The classic reference for C is the book by Kernighan and Richie. It's a great reference manual. It's a good introduction to the language if you are an experienced programmer: timid beginners should locate a more friendly introduction (of which there are many). Although the old Bell Labs imprint first editions make wonderful collector's pieces---particularly for those who can also claim to have learned to program on cards---the book you actually use for practical purposes should be the second edition, which has been upgraded to the ANSI standard.
C++ is an extension of C, which supports data abstraction and object-oriented programming. It is a compromise between C and a high-level programming language. It gives you abstact data types, missing in C, but not in the clean general form provided by a typical high-level language. It retains much of the efficiency of C. Unfortunately, it also retains some of C's less fortunate features (e.g. no garbage collector, identification of characters and small integers). Where C's syntax is stark and quirky, C++ syntax is baroque. It seems to take longer to learn C++ than either C or a high-level language (e.g. Common Lisp). For appropriate applications, it is very popular.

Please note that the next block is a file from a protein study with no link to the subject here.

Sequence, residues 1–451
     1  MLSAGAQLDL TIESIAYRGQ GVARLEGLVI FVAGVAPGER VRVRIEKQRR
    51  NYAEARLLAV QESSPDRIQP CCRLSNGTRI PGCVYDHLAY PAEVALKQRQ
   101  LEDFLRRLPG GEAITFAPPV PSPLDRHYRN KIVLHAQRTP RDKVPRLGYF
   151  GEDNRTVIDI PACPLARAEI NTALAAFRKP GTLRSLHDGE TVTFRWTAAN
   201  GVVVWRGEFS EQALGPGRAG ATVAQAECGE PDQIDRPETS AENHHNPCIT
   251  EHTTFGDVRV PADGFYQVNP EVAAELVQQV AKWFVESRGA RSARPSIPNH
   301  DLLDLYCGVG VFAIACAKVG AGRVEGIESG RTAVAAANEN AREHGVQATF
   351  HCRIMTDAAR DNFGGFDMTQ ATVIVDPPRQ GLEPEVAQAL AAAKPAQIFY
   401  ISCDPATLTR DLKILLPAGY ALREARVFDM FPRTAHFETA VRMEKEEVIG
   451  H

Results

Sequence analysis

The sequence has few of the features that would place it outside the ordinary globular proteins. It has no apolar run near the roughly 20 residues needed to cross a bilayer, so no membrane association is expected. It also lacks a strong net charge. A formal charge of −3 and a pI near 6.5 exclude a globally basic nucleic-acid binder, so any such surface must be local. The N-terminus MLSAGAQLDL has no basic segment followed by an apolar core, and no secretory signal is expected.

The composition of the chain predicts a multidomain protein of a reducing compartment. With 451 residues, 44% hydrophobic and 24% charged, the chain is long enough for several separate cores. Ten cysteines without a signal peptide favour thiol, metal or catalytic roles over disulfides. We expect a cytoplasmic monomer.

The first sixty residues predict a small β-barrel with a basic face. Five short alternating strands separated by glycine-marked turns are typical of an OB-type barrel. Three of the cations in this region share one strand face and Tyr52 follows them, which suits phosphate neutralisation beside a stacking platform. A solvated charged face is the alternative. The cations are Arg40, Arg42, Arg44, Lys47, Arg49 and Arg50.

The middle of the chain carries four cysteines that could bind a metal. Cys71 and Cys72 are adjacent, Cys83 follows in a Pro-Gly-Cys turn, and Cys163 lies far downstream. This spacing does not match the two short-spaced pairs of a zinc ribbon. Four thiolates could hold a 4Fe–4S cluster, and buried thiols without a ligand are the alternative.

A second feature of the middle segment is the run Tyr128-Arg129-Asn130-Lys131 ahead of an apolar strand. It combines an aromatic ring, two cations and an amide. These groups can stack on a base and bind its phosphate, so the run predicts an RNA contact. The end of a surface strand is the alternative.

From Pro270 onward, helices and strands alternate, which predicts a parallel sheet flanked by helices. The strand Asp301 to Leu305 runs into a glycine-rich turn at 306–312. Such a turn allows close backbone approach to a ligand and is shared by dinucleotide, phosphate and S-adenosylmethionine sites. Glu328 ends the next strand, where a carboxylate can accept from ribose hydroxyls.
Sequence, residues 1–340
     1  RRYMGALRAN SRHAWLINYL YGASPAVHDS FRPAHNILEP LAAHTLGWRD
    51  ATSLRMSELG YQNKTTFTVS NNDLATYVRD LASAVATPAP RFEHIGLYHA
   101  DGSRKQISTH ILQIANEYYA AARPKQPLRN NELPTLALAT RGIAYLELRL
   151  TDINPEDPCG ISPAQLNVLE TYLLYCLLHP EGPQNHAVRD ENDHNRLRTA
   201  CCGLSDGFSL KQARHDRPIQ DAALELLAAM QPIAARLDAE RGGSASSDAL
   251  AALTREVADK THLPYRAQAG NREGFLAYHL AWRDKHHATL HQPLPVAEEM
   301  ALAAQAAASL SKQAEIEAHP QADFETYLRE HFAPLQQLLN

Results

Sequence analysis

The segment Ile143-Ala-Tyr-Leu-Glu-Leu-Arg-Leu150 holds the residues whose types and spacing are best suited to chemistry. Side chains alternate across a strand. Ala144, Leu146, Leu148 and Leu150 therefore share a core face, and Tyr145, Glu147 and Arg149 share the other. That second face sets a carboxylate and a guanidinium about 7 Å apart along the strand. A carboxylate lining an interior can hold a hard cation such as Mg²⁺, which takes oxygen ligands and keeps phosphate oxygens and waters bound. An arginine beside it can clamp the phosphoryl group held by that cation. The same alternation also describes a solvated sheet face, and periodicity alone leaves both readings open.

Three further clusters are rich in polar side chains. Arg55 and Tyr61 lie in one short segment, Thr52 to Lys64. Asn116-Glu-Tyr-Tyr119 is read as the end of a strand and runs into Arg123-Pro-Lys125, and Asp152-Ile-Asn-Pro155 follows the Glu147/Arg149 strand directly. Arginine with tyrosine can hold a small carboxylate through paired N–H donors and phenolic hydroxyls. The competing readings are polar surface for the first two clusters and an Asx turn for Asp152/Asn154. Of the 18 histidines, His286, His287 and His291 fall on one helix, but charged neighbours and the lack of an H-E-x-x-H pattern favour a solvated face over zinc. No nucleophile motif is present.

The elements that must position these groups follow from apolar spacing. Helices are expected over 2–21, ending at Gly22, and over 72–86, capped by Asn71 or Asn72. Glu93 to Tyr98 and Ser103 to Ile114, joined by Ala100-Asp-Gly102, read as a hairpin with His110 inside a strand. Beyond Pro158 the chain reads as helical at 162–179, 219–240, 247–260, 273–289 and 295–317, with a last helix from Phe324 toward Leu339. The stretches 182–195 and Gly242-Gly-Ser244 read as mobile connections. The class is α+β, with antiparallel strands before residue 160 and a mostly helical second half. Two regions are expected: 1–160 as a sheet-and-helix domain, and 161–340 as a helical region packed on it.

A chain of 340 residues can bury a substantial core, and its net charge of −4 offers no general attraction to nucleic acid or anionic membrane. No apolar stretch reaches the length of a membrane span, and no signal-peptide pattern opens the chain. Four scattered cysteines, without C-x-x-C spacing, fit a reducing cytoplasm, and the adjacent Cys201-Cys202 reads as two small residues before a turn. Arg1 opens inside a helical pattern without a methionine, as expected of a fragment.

The favorite C++ reference for inexperienced programmers is Deitel and Deitel. It is very readable but does not support random access very well.
If you like Kernighan and Richie's C book, you will probably like Dewhurst and Stark, or Oualline. These are both concise, practical reference manuals. Lippman provides a broader overview, with language design motivation, very readable but intended for an experienced programmer. It also supports random access less well than, say, Oualline. (But I only just got the third edition and the changes look substantial.)
Programmers with some experience in C++ may also want to consult Stroustrup's books for more details and discussion. The language reference contains details not found elsewhere. For those of you who had the dubious pleasure of trying to work with the second edition, the third edition looks massively more readable. The "Design and Evolution" book is very readable and explains the rationale behind many features (and misfeatures).
The books by Meyers and Coplien are useful supplements to the above books, containing a large range of hints for avoiding common problems.